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This article in AJ

  1. Vol. 85 No. 3, p. 564-570
    Received: Nov 22, 1991

    * Corresponding author(s):
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Leaf Expansion in Field-Grown Sunflower in Response to Soil and Leaf Water Status

  1. V. O. Sadras,
  2. F. J. Villalobos and
  3. E. Fereres 
  1. IFEVA, Fac. Agronomía, Universidad de Buenos Aires, Av. San Martín 4453, Buenos Aires 1417, Argentina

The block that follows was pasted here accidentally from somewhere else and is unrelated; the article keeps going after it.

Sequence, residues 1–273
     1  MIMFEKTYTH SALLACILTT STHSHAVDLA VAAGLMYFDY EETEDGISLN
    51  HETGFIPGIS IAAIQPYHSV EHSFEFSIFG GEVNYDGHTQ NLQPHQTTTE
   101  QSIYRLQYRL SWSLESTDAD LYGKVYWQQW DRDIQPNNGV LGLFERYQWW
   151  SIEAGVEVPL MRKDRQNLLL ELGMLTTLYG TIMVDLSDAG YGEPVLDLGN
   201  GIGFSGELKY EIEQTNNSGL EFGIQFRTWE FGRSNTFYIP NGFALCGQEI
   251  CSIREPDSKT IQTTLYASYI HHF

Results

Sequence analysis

Leaf responses to soil water deficits in controlled environaments may be mediated by nonhydraulic root signals (RS). The aim uf this study was to evaluate in the field the effects of RS and leaf water potential (Ψ1) on leaf expansion rate (LER) of sunflower (Helianihus annuus L.). Two experiments were performed on a deep sandy-loam soil (Typic Xerofluvent) in a Mediterranean environment under spring (Exp. and summer conditions (Exp. 2). WET and DRY treatments were established at the 16th-leaf stage in both experiments, WET plots were irrigated daily with an amount of water equal to the reference evapotranspiration of the previous day. DRY plots received no water during the treatment period which was maintained until LER declined to about 30% of the WET controls. A split-root (SR) treatment with the root zone divided in dry and wet sections was included in Exp. 2. Soil water content (θa), LER and Ψ1 were measured. Responses of LER to soil drying were better described by Ψ1 than by plant available water (PAW); i.e., the response of LER to PAW depended on evaporative demand, whereas a single regression of Ψ1 on LER fitted all the data (P < 0.001). Leaf expansion rate and Ψ1 of DRY plants began to decline with respect to that of WET plants at similar PAW thresholds. The soil water content in the dry soil zone of the SR plots was similar to that in the DRY plots during the first week of treatment whereas θa in the wet zone allowed SR plants to maintain a water status similar to that of WET controls. Split-rooted plants did not behave as DRY controls, as expected in the case of a significant root signal effect, but maintained LER similar to the WET plants. It is concluded that, under the conditions of the present experiments, hydraulic effects were probably of more importance than nonhydraulic root signals in the regulation of sunflower leaf expansion.

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